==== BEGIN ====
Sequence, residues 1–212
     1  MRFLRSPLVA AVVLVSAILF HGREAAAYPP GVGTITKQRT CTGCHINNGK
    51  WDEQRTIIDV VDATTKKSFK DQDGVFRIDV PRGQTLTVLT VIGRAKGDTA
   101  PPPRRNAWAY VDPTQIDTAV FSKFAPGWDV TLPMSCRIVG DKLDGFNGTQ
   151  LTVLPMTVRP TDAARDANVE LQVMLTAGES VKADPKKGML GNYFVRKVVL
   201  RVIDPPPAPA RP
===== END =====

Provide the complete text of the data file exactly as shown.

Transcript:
Sequence, residues 1–212
     1  MRFLRSPLVA AVVLVSAILF HGREAAAYPP GVGTITKQRT CTGCHINNGK
    51  WDEQRTIIDV VDATTKKSFK DQDGVFRIDV PRGQTLTVLT VIGRAKGDTA
   101  PPPRRNAWAY VDPTQIDTAV FSKFAPGWDV TLPMSCRIVG DKLDGFNGTQ
   151  LTVLPMTVRP TDAARDANVE LQVMLTAGES VKADPKKGML GNYFVRKVVL
   201  RVIDPPPAPA RP